WFM has been around for many years, and as a result many systems have simply become incompatible with the demands now placed on the modern contact centre. The majority of challenges reported by our respondents, (including speed, performance reporting and scheduling time off requests) are no longer encountered in the enterprise systems of today which are quicker, cannier and more user intuitive.
To name a few, some of today’s modern functionalities of WFM includes:
Self-service and engagement for employees
Offers employees the opportunity to login and effectively schedule their preferred working patterns (entailing shifts, holidays and breaks) based on organisational requirements.
Multi-channel for all interactions
As technology gets smarter and faster, customers of today get used to instant service – with no exception. WFM takes into consideration all agent skill sets in order to identify those that could possibly cover multiple contact types such as emails, web chat, social media and SMS.
Integration with technologies
WFM provides the ability to connect with your payroll, time and attendance systems proving instrumental in reducing admin time and manual tasks. It is also possible to integrate WFM data with third party applications such as performance management to provide a 360 degree view of employee performance.
Modern workforce management solutions are without a doubt a transformative proposal for contact centre managers today, looking for a system to reflect the ever-changing dynamics of the modern contact centre. As workforce management technology has evolved, so has the needs of the contact centre which has unfortunately meant not all organisations necessarily have access to the latest features or may be using them to the best of their advantage.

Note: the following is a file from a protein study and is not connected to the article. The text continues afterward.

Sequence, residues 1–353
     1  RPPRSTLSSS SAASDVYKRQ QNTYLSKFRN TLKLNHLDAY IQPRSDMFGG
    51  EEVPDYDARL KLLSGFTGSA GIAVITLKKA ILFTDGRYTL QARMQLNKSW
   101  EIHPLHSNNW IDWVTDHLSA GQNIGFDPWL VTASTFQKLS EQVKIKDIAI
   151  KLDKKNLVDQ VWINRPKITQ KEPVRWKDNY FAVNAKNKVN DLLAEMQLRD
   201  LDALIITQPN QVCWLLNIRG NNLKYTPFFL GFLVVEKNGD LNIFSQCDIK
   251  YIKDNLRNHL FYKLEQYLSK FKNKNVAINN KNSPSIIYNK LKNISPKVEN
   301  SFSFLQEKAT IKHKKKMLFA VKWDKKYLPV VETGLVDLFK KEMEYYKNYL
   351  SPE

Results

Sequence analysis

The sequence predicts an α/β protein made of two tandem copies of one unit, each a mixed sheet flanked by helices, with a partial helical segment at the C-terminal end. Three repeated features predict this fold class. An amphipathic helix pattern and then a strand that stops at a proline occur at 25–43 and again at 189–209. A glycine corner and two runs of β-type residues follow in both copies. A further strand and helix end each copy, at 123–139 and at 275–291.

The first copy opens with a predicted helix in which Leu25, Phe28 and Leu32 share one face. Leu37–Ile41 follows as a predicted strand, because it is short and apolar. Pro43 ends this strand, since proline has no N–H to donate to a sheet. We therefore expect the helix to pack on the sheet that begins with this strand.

David Evans, Workforce Optimisation Consultant at Business Systems puts things into perspective “Organisations today are looking for WFM that provides flexible deployment options, and true multi-channel capabilities. The key is agility and flexibility to cater for the increasingly complex customer expectations. This should be matched with an employee engagement functionality that provides self service and self scheduling options.”
Publish Date: July 7, 2016 5:00 AM
On the 21st-22nd of June we attended the Compliance and Conduct Risk in Financial Services Forum where we held a workshop session with our partners O2, showcasing how technology can help meet the ever changing regulatory and stakeholder demands without compromising compliance.
We caught up with our guest speakers Garry White (Business Systems) and Mark Baggs (O2) who gave us an overview on what they discussed in their leading session “Evidencing the journey – Managing change without compromising compliance”.
Garry White, Business Systems (UK)
Many of you may be familiar with the Donald Rumsfield speech:
“There are known knowns. These are things we know that we know.
There are known unknowns. That is to say, there are things that we know we don’t know.
But there are also unknown unknowns. There are things we don’t know we don’t know”.
This speech has never been more relevant as the regulatory framework for the financial industry tightens. Financial Institutions are called upon not only to perform telephone transactions in a specified manner, but also to record and provide evidence of compliant conduct under strict time constraints. For organisations with thousands and millions of phone transactions, it is impossible to be certain that each and every one of those transactions follow procedure –whether this relates to code of conduct, process or technology.